My email inbox is full of these stories.
Messages to me via social media hit this topic too frequently.
There is a lot of church staff conflict out there.
To be clear, conflict exists in all relationships. And when I use the phrase “church staff,” I am referring to all who serve in vocational ministry at a local church, including the pastor. Conflict is certainly not unique with church staff. But among the several reasons for staff conflict, there are some that seem to be more pervasive with these relationships than others. Here are twelve of them.
- Many church staff persons are woefully trained in leadership and relational skills. Pastors often have superb theological training but they have never led people nor have they been trained to do so. Other church staff have similar backgrounds.
- Often the church staff involved did not have a role in selecting their team. The pastor inherits a staff. The staff have no say in the selection of the pastor. A search committee did not ask the pastor for any input for the selection of the worship pastor. These are some examples where church staff members feel that a team member has been forced upon them.
- The chemistry among the staff is bad. It can happen in all relationships. Church staff members are not exempt.
- The priorities among the staff are not aligned. I am seeing this reality more frequently. Failure to align is a guarantee for failure to move forward.
- There is jealousy and insecurity. I recently heard from a worship pastor who decided to leave the church because the new pastor was so insecure and jealous of the relationships the worship pastor had developed over several years before the pastor arrived.
- There is clear insubordination. Here is an excerpt from an email a pastor sent me. The communication was from the worship pastor to the pastor: “I am going to lead the worship service the way I want to lead it, and there’s nothing you can do about it.”
- Church staff have formed unhealthy alliances. Different alliances within the church, both formal and informal, often develop around specific church staff. It can feel akin to hostile political parties always seeking to win their way.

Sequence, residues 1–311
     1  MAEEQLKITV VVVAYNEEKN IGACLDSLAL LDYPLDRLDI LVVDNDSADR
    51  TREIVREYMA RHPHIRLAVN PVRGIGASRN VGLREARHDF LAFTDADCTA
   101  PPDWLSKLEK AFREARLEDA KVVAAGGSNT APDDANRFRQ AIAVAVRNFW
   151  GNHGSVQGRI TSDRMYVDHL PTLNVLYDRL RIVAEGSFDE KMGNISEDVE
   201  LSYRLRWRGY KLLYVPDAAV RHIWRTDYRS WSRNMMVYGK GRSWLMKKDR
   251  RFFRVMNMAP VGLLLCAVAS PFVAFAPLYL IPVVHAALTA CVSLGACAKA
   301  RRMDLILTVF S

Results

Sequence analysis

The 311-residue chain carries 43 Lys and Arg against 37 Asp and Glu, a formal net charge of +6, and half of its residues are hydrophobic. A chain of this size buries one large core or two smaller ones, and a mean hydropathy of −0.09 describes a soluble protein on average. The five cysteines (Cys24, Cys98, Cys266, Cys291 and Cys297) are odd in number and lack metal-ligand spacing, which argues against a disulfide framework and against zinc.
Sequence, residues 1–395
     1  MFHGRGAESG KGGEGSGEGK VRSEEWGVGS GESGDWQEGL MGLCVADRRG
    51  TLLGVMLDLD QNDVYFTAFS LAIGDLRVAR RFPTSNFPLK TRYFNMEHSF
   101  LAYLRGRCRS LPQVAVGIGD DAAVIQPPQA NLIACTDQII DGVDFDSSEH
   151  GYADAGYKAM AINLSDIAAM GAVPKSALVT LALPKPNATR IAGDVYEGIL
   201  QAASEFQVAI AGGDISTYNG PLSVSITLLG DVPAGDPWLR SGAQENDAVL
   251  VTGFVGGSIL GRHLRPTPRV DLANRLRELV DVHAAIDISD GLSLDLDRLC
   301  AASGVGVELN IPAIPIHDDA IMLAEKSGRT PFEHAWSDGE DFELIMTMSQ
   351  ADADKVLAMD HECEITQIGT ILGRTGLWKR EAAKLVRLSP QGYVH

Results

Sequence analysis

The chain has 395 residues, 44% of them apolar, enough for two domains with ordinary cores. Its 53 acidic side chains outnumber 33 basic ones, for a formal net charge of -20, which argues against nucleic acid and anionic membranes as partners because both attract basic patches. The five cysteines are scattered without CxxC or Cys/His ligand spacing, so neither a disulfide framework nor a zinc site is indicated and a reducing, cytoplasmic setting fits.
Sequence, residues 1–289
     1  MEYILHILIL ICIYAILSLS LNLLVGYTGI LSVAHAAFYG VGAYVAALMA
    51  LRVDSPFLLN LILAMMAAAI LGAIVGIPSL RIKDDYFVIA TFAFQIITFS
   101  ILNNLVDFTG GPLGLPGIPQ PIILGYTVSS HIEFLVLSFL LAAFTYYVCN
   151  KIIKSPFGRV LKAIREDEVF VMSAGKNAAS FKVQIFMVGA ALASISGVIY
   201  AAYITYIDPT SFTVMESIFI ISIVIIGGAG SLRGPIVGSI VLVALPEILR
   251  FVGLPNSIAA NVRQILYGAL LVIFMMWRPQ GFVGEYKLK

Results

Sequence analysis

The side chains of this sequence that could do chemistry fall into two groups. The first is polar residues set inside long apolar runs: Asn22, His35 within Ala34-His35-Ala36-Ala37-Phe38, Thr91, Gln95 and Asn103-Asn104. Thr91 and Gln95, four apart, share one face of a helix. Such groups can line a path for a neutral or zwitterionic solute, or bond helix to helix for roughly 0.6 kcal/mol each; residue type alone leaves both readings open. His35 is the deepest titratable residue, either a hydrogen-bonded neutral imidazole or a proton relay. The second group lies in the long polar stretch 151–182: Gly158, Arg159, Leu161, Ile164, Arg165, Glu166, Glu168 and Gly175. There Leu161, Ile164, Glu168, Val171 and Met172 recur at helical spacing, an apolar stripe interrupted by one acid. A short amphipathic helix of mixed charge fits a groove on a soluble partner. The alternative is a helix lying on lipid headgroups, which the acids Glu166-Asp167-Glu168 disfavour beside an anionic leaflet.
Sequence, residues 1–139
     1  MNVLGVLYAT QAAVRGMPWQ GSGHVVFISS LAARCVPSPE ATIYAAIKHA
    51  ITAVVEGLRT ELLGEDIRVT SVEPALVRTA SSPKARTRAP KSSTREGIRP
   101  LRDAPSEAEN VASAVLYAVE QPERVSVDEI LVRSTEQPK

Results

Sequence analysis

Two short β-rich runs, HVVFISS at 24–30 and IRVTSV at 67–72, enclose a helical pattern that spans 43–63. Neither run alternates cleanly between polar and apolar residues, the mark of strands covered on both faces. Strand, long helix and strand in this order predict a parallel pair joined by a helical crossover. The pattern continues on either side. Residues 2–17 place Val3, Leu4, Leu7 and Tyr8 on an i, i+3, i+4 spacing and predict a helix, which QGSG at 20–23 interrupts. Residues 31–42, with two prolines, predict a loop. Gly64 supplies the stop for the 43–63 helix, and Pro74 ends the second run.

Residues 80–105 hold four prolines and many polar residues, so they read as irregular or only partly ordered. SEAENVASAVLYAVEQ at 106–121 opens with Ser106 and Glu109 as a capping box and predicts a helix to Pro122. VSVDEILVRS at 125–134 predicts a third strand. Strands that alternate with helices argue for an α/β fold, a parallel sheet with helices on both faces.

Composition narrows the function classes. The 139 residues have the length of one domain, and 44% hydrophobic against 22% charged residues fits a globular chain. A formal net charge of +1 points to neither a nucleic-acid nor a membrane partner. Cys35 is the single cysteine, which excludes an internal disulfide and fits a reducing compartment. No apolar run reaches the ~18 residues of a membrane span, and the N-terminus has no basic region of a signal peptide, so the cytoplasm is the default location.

- Communication is poor. The staff do not spend time together sufficiently in either formal or informal settings. The pastor decides to lead down a certain path, but he has not gotten buy-in from others on the team. They may not even know about it.
- There are work ethic divergences. One staff person works 60 hours a week. Another works 30 hours a week. But they are considered peers with similar pay. Resentment is likely to build.
- The staff spend time pointing blame at each other. Obviously, such actions are terrible for relationships. They are destructive rather than constructive.
- Solutions are frustrated or thwarted. The pastor goes to the personnel committee to seek help dealing with an insubordinate and lazy student pastor. The personnel committee refuses to support the pastor because any proposed solutions “would not be the Christian thing to do.”
- There is a consistent lack of appreciation. One of the key ways to promote church staff unity is to show appreciation. One of the key ways to promote church staff disunity is never to show appreciation.
I often write about the negative realities of church life because too many church staff members and church members are unwilling to admit them. But I have a greater purpose. It is my desire to uncover these challenges so we can know exactly what we can do to be redemptive and unifying to bring glory to God through these important relationships.